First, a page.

Saturday, April 14, 2012

Demonizing disabled, demonizing carers

I can almost live with Matt Lucas and even Ricky Gervais - their comedy isn't helpful, but it is after all meant to be entertainment and not taken seriously - them or their comedy.

I find it much more difficult to accept the sort of comments that at least one (Labour, for god's sake) councillor is on record as saying - and I've heard similar from a relative. That families with disabled children are getting their houses adapted with grants so that they can increase their property values. It's not just crass and incorrect, it's another step down the road of making it acceptable to brand disabled people and their carers as scroungers. As though we'd accept having a child with cerebral palsy, or being born with a learning disability in return for money. I imagine there are politicians out there who would sell their body and soul for cash, but I don't know any people with disabilities or their families who'd accept being paid to have life limiting conditions. Politicians shouldn't judge ordinary people by their own twisted standards.

I would have given any amount of money not to have needed to adapt our house so we and he could cope with his disabilities. I'd still like other places to be accessible and have spent lots of my own money on things we/he needed which non disabled/non carers would have used for holidays and surround sound TVs. Being disabled costs money as well as being limiting in it's own terms. To suggest we like being disabled/carers for financial reasons illustrates the profound lack of understanding of what disability means in the real world for real people. It's not that we don't care about money - we're forced to. But it isn't our first, or probably second, third or fourth priority. Our own priorities went something like - first, making sure he could breath, second, keeping his fits to a minimum, third, making sure he was as comfortable as possible, fourth, trying to get him as good a life as possible. We needed money to do some of these things but the money itself isn't that important.

These sort of comments make it acceptable to discount people with disabilities, make it acceptable to slag them off and ultimately make it easier for politicians to make cuts to services for disabled people.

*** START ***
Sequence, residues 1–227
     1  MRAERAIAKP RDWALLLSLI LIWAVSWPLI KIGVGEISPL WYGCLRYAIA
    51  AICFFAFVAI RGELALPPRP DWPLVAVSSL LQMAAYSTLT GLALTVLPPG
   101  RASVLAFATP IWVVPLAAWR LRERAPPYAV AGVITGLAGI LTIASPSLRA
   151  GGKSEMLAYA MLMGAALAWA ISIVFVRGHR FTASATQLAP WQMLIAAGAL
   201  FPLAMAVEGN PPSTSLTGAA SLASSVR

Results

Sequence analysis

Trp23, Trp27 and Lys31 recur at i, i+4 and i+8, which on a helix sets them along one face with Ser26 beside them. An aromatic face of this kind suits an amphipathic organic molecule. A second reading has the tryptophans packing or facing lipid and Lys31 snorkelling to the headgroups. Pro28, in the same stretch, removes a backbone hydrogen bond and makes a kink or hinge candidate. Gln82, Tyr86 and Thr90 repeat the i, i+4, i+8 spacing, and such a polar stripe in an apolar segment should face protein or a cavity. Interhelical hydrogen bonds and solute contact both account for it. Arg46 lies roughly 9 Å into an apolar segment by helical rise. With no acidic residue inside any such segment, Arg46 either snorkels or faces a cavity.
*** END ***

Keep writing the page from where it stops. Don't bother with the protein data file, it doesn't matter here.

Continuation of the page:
I know the councillor in question has since apologized - and no doubt my own relative would say of course he didn't mean us - but the damage is done.


  1. That's a truly horrible comment - as you say, twisted standards. It hits home to me, as we are currently applying for a disabled facilities grant to create a downstairs room for my four-year-old daughter with Rett syndrome who can't sit, stand or walk. Actually I think it will diminish rather than increase the value of our house, as it reduces 'living' space and creates a space that will suit us but probably would seem odd to anyone else. I'd give anything for my daughter to be able-bodied and for us not to need these adaptations. I might add that we've just moved to this house to meet our daughter's needs, and that we're mortgaged to the max to do so - on half our previous income, as my daughter's needs make it impossible for me to work as many hours as I used to. No-one would choose disability for the financial rewards! Thanks for highlighting this issue, Ned.

    1. I had to get a wetroom installed in our downstairs bathroom for my mum. If I ever go to sell the house, I'll have to have it redone, because it is very utilitarian looking and I don't think many would want it (unless they needed a wetroom as well).

  2. We went through this process over 20 years ago - it was hard, expensive and complicated, but I didn't feel anyone begrudged us the adaptation grant then. Maybe things are worse these days, certainly people seem to feel more comfortable criticising, and even insulting disabled people and their carers. You have my sympathy and best wishes.
    I intend watching this councillor closely as he's mayor of Preston this year.